As if landing a reusable rocket on flat ground wasn't hard enough, SpaceX says it wants to repeat the trick by doing the same thing—but on a floating barge. A launch has been set for Jan. 17.

The private space company has attempted to land rockets on floating drone ships before, but each of its previous attempts have ended in failure. Not only does SpaceX need to account for wind speeds and a much smaller landing area, but the floating barge is continuously moving, making a landing very difficult to pull off. Following last December successful launch, however, SpaceX appears confident.

It may seem silly for SpaceX to continuously attempt to land its rocket on a floating barge when it can very clearly land its Falcon 9 on land. But certain criteria for missions means in order to land where it took off, it often needs to use a lot of extra fuel, which makes the price go up. Landing its rocket on an ocean barge (and retrieving it later) is more cost-effective, which is why SpaceX is so eager to make it work.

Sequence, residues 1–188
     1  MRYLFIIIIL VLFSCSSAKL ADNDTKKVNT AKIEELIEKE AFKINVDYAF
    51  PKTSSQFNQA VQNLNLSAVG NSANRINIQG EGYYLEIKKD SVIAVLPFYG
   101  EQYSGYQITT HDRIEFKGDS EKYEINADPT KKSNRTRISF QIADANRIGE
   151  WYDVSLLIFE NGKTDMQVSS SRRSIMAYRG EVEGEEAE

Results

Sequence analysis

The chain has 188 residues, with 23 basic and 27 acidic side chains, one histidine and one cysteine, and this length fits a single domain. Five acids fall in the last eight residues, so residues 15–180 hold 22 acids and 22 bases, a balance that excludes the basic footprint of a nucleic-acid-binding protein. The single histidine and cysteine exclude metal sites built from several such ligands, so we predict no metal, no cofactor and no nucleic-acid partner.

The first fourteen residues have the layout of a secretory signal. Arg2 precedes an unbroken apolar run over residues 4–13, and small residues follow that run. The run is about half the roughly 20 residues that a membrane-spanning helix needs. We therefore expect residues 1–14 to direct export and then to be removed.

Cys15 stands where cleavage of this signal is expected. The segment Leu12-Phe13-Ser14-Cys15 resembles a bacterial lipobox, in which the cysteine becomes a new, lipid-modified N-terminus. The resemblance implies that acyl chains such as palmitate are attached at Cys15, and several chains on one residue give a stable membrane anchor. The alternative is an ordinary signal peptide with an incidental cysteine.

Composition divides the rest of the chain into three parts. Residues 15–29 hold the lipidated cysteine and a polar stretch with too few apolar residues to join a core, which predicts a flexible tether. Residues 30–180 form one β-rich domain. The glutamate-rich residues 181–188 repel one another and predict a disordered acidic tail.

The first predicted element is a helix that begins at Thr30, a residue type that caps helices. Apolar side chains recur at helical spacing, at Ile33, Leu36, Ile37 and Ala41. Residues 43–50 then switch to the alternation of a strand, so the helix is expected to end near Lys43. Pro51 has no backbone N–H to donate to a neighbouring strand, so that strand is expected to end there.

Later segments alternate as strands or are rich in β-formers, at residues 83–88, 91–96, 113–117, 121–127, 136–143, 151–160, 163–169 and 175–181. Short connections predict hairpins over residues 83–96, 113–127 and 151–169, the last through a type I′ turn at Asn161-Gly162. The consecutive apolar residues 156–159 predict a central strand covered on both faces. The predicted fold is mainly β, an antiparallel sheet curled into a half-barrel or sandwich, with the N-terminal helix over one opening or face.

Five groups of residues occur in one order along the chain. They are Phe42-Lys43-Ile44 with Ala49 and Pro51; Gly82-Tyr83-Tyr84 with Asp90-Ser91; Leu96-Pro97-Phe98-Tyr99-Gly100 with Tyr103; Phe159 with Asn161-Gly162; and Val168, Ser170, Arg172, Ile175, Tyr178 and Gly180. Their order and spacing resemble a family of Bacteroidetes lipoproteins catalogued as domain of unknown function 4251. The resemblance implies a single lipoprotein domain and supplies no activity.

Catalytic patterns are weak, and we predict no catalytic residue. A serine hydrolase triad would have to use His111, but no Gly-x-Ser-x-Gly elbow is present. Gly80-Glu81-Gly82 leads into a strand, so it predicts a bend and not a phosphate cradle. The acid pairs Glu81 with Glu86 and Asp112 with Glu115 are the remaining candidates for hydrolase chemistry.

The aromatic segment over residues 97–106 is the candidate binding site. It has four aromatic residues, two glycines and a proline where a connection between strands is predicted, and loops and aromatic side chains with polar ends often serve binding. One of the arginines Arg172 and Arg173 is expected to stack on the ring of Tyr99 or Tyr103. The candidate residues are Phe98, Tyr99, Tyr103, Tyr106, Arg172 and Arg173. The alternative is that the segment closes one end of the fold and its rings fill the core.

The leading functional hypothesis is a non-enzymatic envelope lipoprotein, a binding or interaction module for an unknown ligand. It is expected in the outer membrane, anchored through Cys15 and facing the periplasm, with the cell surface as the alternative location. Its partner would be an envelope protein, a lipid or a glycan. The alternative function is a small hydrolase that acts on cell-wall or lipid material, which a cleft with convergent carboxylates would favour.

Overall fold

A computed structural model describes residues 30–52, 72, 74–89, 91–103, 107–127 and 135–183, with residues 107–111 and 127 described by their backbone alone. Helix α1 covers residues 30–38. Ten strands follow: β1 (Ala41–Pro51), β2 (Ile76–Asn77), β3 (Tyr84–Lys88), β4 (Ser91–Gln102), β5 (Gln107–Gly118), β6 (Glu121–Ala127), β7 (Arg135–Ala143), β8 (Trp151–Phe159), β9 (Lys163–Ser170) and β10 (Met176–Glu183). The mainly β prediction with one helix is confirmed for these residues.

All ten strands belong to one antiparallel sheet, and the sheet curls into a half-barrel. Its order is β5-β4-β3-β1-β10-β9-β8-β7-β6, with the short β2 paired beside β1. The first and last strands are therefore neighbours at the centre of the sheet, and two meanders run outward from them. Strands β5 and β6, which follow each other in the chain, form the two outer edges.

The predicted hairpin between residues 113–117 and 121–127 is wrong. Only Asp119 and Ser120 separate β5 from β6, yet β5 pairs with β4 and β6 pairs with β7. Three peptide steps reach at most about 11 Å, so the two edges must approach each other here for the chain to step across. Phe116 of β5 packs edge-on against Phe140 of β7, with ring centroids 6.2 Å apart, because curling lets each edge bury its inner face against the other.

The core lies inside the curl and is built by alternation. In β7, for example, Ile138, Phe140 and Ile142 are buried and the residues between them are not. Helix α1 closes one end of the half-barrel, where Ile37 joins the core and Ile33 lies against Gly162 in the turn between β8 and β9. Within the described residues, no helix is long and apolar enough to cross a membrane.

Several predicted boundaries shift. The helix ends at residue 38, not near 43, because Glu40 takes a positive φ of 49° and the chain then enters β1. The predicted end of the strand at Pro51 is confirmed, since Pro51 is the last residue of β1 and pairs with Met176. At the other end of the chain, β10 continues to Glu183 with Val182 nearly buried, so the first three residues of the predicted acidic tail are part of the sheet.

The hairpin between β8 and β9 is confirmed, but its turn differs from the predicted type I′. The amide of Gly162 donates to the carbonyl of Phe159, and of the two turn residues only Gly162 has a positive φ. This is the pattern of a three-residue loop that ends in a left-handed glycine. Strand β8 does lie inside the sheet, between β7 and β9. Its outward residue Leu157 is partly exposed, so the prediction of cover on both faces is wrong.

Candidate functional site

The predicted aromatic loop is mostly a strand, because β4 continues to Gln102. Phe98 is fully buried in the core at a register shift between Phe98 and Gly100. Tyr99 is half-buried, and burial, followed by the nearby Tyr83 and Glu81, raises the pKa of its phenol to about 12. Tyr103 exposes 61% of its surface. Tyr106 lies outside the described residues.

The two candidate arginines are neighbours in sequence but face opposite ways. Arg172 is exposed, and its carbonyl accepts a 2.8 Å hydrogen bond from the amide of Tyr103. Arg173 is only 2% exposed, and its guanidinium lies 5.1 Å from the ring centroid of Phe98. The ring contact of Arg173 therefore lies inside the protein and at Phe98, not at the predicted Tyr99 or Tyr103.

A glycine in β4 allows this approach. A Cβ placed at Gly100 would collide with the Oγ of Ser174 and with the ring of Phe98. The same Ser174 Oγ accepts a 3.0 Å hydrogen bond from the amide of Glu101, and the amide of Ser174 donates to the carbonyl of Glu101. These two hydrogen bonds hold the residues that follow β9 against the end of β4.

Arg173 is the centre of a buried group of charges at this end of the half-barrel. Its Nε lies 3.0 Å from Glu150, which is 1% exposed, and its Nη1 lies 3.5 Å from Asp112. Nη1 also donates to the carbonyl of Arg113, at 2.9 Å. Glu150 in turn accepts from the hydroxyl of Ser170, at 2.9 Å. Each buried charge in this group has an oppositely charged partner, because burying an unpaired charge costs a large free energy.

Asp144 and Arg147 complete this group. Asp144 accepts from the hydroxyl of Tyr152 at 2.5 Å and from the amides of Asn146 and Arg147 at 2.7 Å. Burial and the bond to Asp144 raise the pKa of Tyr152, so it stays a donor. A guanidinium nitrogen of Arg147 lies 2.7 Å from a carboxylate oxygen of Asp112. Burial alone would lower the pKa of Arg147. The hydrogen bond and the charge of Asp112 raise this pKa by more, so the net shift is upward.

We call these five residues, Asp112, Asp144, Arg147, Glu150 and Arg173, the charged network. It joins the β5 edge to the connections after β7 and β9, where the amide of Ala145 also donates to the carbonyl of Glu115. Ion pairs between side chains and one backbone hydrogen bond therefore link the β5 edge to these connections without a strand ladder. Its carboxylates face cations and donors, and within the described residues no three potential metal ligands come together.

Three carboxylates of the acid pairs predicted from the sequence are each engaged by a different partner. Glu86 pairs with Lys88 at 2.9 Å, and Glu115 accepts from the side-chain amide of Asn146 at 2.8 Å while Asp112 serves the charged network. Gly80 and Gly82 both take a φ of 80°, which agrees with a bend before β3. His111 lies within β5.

For followers of the space industry, reusable rocket technology is a very big deal. Not only does it mean we can more frequently send satellites and people and rovers into space, but we can do so at a quarter of the cost.

Sending objects into orbit has always been astronomically expensive, but with reusable rockets, companies like SpaceX are now in the position to cut costs significantly—costs will no longer hinder NASA's insatiable thirst to explore the far reaches of space. And it could mean we go to Mars sooner rather than later.

The Jan. 17 launch will be a huge test for SpaceX, especially after successfully landing its Falcon 9 in December. Doing so on a floating barge has been a tricky prospect for the company thus far, but it's not giving up hope, and neither are we.